When it comes to my son Jack and his autism, I wish for a lot of things.
I wish I could rid the world of cars that backfire, doors that slam, and people who shout like maniacs for no reason.
I realize this isn’t about autism per se, but whenever Jack hears a loud noise he doesn’t expect, he screams. He screams, and then I scream, and it’s all very stressful.
I wish we could dial back on the repetition a little bit.
Oh, the repetition! All the phrases and words and helpful reminders looping on repeat, twenty-four hours a day.
Yes! What, Jack?
Yes! What, Jack?
Yes! What, Jack?
It is exhausting. It is draining. At times, it has reduced me to tears.
I know it sounds like I’m complaining, but I’m not. I’m simply reporting.
Okay, maybe I’m complaining a little bit.
I wish there was some kind of a universal sign—something I could say or do to make other people understand he has autism.
A sign to tell you he is rigid and diagnosed and can’t read facial expressions and doesn’t have a lot of boundaries.
A sign to explain that he is jumping and grunting because it’s how he soothes his agitated body when he’s distressed.
A sign to help you understand why I hold his hand in the parking lot even though he’s a tall boy of fourteen, and why he wiggles his wrist until his long fingers look limp like noodles, and why he goes to a different school.
A sign would make my life a lot easier, to be honest.
I know, I know, we have the puzzle piece and the blue light bulbs and all that, but I need something else. A code word, maybe, or a subtle gesture. Something everyone, old and young, can understand—something that crosses language barriers.
Like when we go to a restaurant with the Japanese hibachi tables. You know, the kind where you all sit around the big hot grill and the chef lights an onion on fire and tries to get people to catch pieces of zucchini or egg or whatever in their mouths?
We don’t do so well at those places.
The chefs with the tall hats just don’t get it. I’ve tried everything. I’ve tried catching their eye and shaking my head a little bit. I’ve tried waving my hand in the air to distract them from the egg-throwing.
I’ve even tried to pretend I’m sticking a fork in my eye, all slow and exaggerated, to give the hint, but it never gets my point across. They just keep throwing food in his direction, until he starts to scream and eventually drops a very loud f-bomb.
That word, I am afraid, is universal in nearly every language.
Maybe you’re wondering why we even bother with Japanese hibachi restaurants. I mean, why would we bring our special-needs son to a place he so clearly hates? It’s a good question, actually. You are right to ask it.
And here is my answer: Jack hates many, many things. He hates a particular movie theater because the screen is too big. He hates one certain grocery store because they play classical music and that reminds him of, in his words, black death. He hates taking the back roads home because one time he saw a squirrel dart across in front of the car.
He hates squirrels.
So what do we do? Do we sit in our house and let autism rule our world?
No, we don’t. We pick our battles. We help him grow and stretch without breaking. We take the back roads every once in a while, and we keep a close watch for the squirrels.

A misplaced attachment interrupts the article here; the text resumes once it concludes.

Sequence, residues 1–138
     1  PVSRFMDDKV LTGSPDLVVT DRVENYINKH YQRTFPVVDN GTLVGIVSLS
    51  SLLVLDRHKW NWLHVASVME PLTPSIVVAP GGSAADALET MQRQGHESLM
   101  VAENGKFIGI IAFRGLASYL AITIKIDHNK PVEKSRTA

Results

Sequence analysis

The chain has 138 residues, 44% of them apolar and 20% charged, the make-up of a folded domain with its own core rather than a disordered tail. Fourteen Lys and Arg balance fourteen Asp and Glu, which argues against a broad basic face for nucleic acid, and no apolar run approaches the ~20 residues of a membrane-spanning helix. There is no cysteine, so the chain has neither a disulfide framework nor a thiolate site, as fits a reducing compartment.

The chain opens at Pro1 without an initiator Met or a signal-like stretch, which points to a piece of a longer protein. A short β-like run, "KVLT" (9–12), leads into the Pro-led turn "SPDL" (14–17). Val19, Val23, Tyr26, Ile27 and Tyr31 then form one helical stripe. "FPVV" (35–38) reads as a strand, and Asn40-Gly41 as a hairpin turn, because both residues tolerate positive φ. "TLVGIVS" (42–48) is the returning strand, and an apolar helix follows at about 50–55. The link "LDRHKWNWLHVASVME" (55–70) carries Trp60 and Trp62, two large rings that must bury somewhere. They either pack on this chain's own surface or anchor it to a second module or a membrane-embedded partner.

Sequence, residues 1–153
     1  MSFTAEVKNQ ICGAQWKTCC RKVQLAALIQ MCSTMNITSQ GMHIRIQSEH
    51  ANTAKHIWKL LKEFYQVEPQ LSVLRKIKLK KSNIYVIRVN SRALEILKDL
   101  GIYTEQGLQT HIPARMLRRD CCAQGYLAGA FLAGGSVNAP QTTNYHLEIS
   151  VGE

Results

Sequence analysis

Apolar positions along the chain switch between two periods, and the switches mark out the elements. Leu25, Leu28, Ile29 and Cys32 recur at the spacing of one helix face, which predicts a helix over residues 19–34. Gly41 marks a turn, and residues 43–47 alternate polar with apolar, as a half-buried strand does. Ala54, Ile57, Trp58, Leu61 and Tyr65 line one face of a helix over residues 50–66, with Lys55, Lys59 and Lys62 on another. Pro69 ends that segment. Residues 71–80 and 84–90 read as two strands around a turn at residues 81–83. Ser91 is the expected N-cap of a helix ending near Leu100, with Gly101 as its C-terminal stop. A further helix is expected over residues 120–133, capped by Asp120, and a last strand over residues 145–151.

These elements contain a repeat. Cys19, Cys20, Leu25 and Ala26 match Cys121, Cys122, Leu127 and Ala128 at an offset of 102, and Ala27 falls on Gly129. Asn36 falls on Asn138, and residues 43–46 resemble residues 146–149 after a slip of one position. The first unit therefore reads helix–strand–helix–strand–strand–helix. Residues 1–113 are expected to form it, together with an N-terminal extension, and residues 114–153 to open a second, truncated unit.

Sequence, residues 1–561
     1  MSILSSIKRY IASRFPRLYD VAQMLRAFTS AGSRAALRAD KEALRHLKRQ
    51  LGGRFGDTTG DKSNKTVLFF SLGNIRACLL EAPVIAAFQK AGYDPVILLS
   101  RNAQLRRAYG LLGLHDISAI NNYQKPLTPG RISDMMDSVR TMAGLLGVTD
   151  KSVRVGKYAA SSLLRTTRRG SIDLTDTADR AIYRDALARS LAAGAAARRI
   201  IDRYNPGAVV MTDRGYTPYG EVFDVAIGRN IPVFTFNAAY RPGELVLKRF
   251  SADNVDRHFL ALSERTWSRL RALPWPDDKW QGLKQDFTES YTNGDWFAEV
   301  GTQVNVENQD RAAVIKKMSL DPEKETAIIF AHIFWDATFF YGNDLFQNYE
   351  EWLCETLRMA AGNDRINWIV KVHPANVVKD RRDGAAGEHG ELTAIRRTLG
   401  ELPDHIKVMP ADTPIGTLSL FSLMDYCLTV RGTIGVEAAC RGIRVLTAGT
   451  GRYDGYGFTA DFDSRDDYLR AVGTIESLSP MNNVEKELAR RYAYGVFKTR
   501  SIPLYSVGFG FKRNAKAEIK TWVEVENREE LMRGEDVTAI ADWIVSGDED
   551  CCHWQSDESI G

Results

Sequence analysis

I just wish there was a good way to tell you about all of this.
It is not, for one single second, because I am embarrassed for him. Please, don’t ever think that.
I have never—even once—been embarrassed of my son with autism. Not even when he filled my entire cart at Target with tubes of hemorrhoid cream while I was trying to have a conversation with someone I knew about travel basketball.
I am very hard to embarrass, to be honest.
It’s just that there’s this whole period of awkwardness and shuffling and I’d rather get over all that so we can get to the good part.
The good part is when you know he has autism. It’s when your eyes open just a little bit wider and you nod your head the tiniest bit and you look at him with compassionate, and warmth. Maybe you smile.
See, Jack has a disability, only you can’t see it.
Sure, you see the jumping and hear the looping and all that, but it just looks like he’s weird, or being kind of a jerk.
He doesn’t require a service dog, or a wheelchair, or a special parking spot.
He requires soft lights, no fireworks, and onions that don’t burst into flames.
He has a disability, only it’s invisible.
Does that make it any less important? Or real?
I don’t think so.
Most people build a life around friendship, and learning, and marriage, and family.
At this point, my son has built his life around a strict schedule of mealtimes, Disney movies, and reminding me 2,983,465 times that we are out of the right kind of milk.
And at this point, I am not sure much will change over the next twenty years or so.
What I am saying is, he will probably live his life differently than you and I.
Does that make it any less important, or real?
I don’t think so.
At times, he reminds me of a bird trapped inside of a golden cage, hemmed in by the strong, unyielding bars of rigidity and anxiety and flour.
And it’s not just the gilded bars, but the smallness of his world. Inside his confinement, he paces and mutters and jumps. He is utterly alone, and isolated. He trusts no one.
Will he ever fly?
He is fourteen years old. I am running out of time.
He is my son and my job is to show you that he has autism and then to show you it’s okay and explain that we’re working on the swearing.
I need to show you so you like him and you will try to understand him and maybe one day you’ll even hire him for a job.
If I have to cry a thousand tears and answer ten thousand questions about milk, I will help him fly.
He will fly, if my own life depends on it.
In my darkest hours of the night, this is what I tell myself.
He will fly.
In the sunny light of day, I am less sure.
You can’t imagine what it’s like to love someone with autism.
Or maybe you can.